The University of Chicago Medicine’s robotic surgery team, led by Arieh H. Shalhav, MD, director of minimally invasive urology, hit a milestone last month when they treated their 10,000th patient. In the 16 years since its induction to the urology department in 2002, robotic surgery has expanded to include gynecology, thoracic, general surgery, ENT, and cardiology.
And if the 10,000 figure is any indicator, the program remains busy. Word of mouth and positive patient outcomes have gone hand-in-hand in the program’s expansion.
Faster recovery times and shorter hospital stays can be directly linked to the surgical improvements of using a robot. The machine enhances the surgeon’s precision, which allows a smaller incision to be made. This in turn leads to smaller wounds, less trauma and faster recovery times.
“The ability of the surgeon to do complex things is enhanced about five times with the robot,” says Shalhav. “Now a surgeon that could not adopt laparoscopy, which is a complex surgical procedure, can learn to do it minimally invasively.”
According to Shalhav, that is exactly what robotic surgery is about.
“We want medicine and surgery to constantly move towards being a gentler intervention into the patient’s life to achieve a cure, without interrupting the patient’s life as much as we did before,” he said.
The dedication and pioneering spirit of the UChicago Medicine team has made the program a referral site for complex cases. UChicago Medicine is one of the only hospitals in the country to provide a wide variety of robotic surgical procedures.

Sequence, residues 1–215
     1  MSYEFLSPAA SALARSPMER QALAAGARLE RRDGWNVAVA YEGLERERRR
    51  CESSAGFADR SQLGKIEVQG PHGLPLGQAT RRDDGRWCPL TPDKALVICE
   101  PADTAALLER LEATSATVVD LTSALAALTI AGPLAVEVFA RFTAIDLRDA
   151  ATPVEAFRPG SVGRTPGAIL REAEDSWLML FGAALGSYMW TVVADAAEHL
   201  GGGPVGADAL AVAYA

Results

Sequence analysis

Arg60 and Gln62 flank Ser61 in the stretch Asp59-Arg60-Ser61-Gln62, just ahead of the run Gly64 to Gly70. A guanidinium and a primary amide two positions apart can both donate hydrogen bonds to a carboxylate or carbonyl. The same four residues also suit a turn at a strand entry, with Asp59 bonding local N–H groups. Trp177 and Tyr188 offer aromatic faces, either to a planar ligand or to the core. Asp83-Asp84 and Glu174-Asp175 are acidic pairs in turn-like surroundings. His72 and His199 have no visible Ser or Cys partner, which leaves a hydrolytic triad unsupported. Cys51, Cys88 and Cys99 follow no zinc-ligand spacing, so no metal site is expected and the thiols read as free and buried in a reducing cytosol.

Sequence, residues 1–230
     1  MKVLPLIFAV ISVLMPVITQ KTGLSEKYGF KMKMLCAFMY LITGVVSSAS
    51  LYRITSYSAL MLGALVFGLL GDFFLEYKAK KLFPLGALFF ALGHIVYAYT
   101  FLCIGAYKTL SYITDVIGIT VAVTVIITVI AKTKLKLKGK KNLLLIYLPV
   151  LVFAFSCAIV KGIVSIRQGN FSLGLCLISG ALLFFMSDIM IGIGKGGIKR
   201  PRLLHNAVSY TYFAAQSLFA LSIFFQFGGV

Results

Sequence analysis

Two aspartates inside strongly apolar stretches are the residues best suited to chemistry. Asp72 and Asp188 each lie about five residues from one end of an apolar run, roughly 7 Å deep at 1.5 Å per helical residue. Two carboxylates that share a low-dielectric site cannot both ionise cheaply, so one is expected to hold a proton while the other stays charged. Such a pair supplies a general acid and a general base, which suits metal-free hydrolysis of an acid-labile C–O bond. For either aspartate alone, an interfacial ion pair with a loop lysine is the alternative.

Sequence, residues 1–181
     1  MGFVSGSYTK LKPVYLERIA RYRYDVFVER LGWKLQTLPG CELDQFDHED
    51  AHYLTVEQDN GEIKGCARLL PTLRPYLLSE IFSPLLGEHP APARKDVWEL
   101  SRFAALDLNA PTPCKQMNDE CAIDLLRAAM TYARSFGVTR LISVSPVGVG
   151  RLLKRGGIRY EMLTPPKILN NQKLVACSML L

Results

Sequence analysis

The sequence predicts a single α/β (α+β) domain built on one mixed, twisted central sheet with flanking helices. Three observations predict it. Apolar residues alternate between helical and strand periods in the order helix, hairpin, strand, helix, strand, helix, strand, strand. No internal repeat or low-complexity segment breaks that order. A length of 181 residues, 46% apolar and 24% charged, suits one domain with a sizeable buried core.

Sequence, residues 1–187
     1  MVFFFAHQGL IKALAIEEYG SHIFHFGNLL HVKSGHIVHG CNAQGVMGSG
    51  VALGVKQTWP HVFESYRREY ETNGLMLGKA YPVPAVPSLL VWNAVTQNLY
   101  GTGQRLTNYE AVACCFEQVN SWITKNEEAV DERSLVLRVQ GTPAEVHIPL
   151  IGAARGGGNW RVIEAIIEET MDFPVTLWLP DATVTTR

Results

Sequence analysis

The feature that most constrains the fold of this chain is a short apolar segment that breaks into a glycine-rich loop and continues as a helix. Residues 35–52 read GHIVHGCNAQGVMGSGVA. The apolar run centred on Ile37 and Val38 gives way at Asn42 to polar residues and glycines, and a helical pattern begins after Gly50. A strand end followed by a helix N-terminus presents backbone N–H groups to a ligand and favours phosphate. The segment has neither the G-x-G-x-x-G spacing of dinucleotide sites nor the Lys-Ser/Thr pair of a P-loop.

Husam H. Balkhy, MD, director of minimally invasive and robotic cardiac surgery, has been a national leader of cardiac surgical procedures for more than five years. Balkhy is one of the most experienced surgeons with multi-vessel totally endoscopic robotic coronary bypass (TECAB) and developed the Connector TECAB procedure. TECAB is a highly advanced approach to coronary bypass surgery that avoids opening the chest.
“The advances in technology have allowed surgeons like me to execute cutting-edge heart procedures,” said Balkhy. “Being able to offer unique and selective services to patients who come to us from all over the country is a highly rewarding part of the robotic program.”
To be a leader also means adopting the latest technology. In order to continue the success of the program and stay as current as possible, four new robots have arrived. UChicago Medicine has just replaced its third generation Da Vinci robotic fleet with the fourth generation X/XI, and according to Shalhav training is already complete. 20,000 procedures seem to be on the horizon.